St Albans resident and mother Rachel Donaldson writes about the danger traffic in the suburb is putting children in
For the last five years I have walked my children to and from school but I never meant to continue escorting them.
After a certain age, once they were clear on stopping, looking and listening, I felt confident that like my own childhood, I would just say goodbye to them at the door and they would go without me.
The busiest road that they have to cross is considered the “gold standard” of intersections.
It is a signal operated intersection at the junction of Cranford and Berwick Sts in St Albans. The green man tells you when to cross accompanied by a loud buzzer.
We all know them.
However, for the last five years I have watched cars run the red lights with a frequency that increases every week.
Some days cars will drive through the red light at this intersection at every single light change.
In the last six months, I have seen a child clipped by the wing mirror of a car that crossed through the intersection while the green man was going and this was the tipping point.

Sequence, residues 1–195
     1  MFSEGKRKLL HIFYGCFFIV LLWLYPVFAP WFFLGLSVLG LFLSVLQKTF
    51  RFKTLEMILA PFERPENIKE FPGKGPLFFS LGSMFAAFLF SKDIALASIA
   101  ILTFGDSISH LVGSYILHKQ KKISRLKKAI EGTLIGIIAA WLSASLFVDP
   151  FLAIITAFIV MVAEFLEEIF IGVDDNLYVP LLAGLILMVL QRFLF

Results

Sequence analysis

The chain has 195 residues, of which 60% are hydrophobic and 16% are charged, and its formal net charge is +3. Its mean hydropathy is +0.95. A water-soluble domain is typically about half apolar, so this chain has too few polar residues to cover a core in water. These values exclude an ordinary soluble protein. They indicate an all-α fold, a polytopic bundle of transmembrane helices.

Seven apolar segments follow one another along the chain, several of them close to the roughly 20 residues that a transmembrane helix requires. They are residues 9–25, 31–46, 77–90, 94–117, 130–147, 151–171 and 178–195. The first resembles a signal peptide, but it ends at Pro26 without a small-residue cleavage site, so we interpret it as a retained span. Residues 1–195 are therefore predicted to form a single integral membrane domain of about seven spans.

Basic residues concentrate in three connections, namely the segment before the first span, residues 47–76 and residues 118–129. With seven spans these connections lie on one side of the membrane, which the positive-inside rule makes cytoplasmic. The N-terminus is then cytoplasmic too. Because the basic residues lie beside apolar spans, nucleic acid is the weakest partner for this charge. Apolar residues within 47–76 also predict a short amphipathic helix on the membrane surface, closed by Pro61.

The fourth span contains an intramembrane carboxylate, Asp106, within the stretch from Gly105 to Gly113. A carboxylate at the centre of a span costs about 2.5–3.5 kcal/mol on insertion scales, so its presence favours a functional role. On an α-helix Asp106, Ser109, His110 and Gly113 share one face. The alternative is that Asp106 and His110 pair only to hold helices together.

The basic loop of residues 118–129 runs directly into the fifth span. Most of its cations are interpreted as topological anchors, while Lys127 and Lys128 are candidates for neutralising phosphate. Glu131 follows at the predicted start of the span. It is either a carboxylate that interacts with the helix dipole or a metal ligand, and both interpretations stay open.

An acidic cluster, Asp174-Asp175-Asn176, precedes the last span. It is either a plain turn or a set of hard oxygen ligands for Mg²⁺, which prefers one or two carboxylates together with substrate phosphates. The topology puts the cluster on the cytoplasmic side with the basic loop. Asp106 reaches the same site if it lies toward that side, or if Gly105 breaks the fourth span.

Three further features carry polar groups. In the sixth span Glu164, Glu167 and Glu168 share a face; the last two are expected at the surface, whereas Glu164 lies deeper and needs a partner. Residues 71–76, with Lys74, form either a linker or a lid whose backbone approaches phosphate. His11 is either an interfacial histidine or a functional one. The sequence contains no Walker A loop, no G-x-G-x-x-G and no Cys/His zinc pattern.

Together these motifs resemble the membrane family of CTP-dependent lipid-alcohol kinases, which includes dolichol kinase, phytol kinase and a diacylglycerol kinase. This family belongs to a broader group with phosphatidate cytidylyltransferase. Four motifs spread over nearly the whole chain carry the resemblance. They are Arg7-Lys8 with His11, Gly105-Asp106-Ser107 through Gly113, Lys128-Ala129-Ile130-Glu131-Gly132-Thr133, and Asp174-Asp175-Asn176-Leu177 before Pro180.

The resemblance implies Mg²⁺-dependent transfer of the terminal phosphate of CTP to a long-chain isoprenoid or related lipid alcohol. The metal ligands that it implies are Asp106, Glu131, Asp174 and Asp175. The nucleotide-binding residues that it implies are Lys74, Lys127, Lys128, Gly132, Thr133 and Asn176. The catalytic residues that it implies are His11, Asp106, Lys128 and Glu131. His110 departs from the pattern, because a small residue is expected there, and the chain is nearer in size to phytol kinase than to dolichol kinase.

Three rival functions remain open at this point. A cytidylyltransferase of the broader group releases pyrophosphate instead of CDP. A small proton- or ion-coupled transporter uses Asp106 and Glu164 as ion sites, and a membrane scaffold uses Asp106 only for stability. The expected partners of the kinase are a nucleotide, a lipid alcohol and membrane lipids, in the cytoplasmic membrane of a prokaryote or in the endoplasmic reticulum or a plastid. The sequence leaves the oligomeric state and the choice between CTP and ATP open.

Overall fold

My road safety advice to my children has changed from “waiting for the green man” to “even when the green man flashes up and the buzzer is going, always double check that someone isn’t going to come through anyway and stand back against the fence while waiting to cross due the phenomenal speed that cars are travelling at.”
I have no confidence that drivers will obey the road rules when they see schoolchildren crossing at an intersection where there is a very clear stop/go signal.
Instead, I have taught my children to be the second-guessers, to be the defensive pedestrians, not to expect that an adult driving a car will have more road sense than them, a seven and a nine-year-old.
This selfish driving behaviour led to my getting signs made and put up – not only at the Cranford and Berwick Sts intersection but at the other major intersection that is used by St Albans School children, the Cranford and Westminster Sts intersection.
This crossing not only meets the “gold standard” of intersections but St Albans School, for the last eight years, has paid (from their own, extremely limited education budget) a lady to monitor and guide children through the intersection due to the sheer number of red light-runners that drive this section of road every single day.
And still St Albans residents and school parents wait for the city council that moves at glacial speed to do something about the lack of signage along Cranford St to let drivers know that over 600 children go to St Albans school and use this road to get home every day.
That in our suburb there are almost 1000 children on the move.
As I watch the Northern Corridor inching closer and closer to completion and see the impact that increased traffic flows are going to have on pedestrians along Cranford St, I know that I will be walking my kids to school and back for the foreseeable future.